Ryan Undercoffer, the fresh faced, ebullient confidential secretary to the Niagara Falls City Council, hired because he was "young," has left his job this week - after one year and four months of duty.
According to sources, Undercoffer is taking a position at Community Development for better pay and a private office. There, he will be able to concentrate on Mayor Paul A. Dyster's reelection campaign.
Another campaign supporter will replace Undercoffer at council offices.
But being a Dyster supporter is how one gets a job at city hall.
It is how Undercoffer got his job in the first place. And it is why he had to leave the council offices.
Dyster is running for reelection. But the council secretary works for the five member council. One of these members, Glenn Choolokian, is running against Dyster in the Democratic primary. How could Undercoffer work on Dyster's campaign against Choolokian and work for Choolokian at the same time.
Consider how Undercoffer came to city hall in Jan 1 2014.
He was appointed to the council secretary position by Kristen Grandinetti, Charles Walker and Andrew Touma - known as the Dyster majority. Glenn Choolokian voted against hiring Undercoffer and Robert Anderson opposed it but was absent on the day of the vote.
Before Undercoffer was appointed, the 25- year old Falls native served as vice chair of the city's Democratic Committee in 2012 and vice chair for county Democrats in 2013. His services in 2013 were instrumental in ousting former Council Member Sam Fruscione and getting Touma, Grandinetti and Walker elected.
Undercoffer helped design campaign literature and wrote attack ads for radio - which another Dyster political hire - Brook D'Angelo, the SWEET team director - performed the voice talent. They were hard hitting ads attacking and criticizing Fruscione and praising Walker, Grandinetti and Touma.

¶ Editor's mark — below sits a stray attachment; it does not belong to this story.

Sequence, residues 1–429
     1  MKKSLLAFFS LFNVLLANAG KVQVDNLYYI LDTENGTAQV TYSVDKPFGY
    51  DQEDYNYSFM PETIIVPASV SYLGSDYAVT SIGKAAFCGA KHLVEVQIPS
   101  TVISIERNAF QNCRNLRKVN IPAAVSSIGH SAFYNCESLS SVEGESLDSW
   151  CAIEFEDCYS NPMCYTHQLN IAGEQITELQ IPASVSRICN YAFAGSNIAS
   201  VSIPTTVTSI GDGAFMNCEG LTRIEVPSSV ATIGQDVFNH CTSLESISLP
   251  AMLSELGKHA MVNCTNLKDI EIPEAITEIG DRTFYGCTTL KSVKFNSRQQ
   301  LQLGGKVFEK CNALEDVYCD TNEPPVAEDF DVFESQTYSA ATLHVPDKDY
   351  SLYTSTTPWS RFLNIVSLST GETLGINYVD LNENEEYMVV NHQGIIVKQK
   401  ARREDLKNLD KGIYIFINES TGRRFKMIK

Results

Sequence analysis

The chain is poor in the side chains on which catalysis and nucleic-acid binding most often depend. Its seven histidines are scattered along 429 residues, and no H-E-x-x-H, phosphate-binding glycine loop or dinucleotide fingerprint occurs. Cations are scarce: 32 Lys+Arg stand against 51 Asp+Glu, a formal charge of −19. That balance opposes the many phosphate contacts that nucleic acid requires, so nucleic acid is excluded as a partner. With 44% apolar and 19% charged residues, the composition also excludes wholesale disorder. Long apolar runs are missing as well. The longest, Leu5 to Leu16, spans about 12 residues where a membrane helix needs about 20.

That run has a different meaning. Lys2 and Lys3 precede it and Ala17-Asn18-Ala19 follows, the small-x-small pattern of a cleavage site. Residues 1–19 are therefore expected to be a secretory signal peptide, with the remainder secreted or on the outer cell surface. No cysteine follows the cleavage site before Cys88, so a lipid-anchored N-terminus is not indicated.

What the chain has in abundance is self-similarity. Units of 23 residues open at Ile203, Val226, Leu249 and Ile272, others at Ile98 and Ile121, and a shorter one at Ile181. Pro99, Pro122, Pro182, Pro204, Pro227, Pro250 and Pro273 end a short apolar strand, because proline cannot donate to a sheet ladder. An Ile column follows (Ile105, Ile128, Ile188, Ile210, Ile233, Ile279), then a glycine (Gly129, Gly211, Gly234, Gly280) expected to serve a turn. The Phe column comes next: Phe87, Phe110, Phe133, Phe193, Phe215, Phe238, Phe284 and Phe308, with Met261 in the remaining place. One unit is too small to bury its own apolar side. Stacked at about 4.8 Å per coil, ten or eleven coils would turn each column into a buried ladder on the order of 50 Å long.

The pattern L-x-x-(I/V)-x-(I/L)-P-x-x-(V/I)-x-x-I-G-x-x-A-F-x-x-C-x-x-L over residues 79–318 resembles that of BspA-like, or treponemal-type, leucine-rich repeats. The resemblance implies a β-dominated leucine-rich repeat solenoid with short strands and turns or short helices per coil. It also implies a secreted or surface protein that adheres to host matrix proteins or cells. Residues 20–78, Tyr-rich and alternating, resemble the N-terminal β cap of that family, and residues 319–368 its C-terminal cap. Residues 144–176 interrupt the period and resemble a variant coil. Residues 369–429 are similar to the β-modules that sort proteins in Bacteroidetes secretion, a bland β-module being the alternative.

Undercoffer played a central role in the election of the pro Dyster council majority which came to power on Jan 1, 2014 - the same day they hired Undercoffer.
The same Dyster majority told Kevin J. Ormsby - who Undercoffer was to replace - that he, Ormsby, had a choice - retire and be able to collect health insurance or be fired and lose it.
Ormsby did not want to leave his job. But the council majority was adamant.
Walker said the council majority did not hire Undercoffer because he helped them get elected. Walker told the Niagara Gazette (Jan. 5, 2014) that "Undercoffer was nominated because he is young."
Grandinetti told the Buffalo News (Jan. 6 2014) she thought it was an opportunity to bring in a "young, fresh face" to the Council. Ormsby was 61. After he was retired-or-be-fired, Ormsby filed an age discrimination complaint against the city of Niagara Falls with the New York State Division of Human Rights. The matter is reportedly still pending. Since we mentioned age discrimination, it is only fair to mention another kind of discrimination - gender - which Dyster accused the old council majority of practicing when it came to Ormsby.
During the 2013 campaign season, Dyster criticized Ormsby's $46,180 salary in a guest view in the Niagara Gazette. Dyster said that the male secretary Ormsby - at $46,180 - was making $5,500 more than Dyster's female secretary, Bridget Miles, and city administrator's female secretary, Cindy Ransom. "The city council pays their assistant more, but he's a man, whereas the other two are women. Does that seem fair?" Dyster wrote.
But in 2014, when the council took in young Undercoffer - also a male - at Ormsby's exact salary, Undercoffer earned $5,500 more than the female secretaries of Dyster and City Administrator Donna Owens. But you wouldn't know that since Dyster never said a word about it. And he didn't give a raise to his secretary either.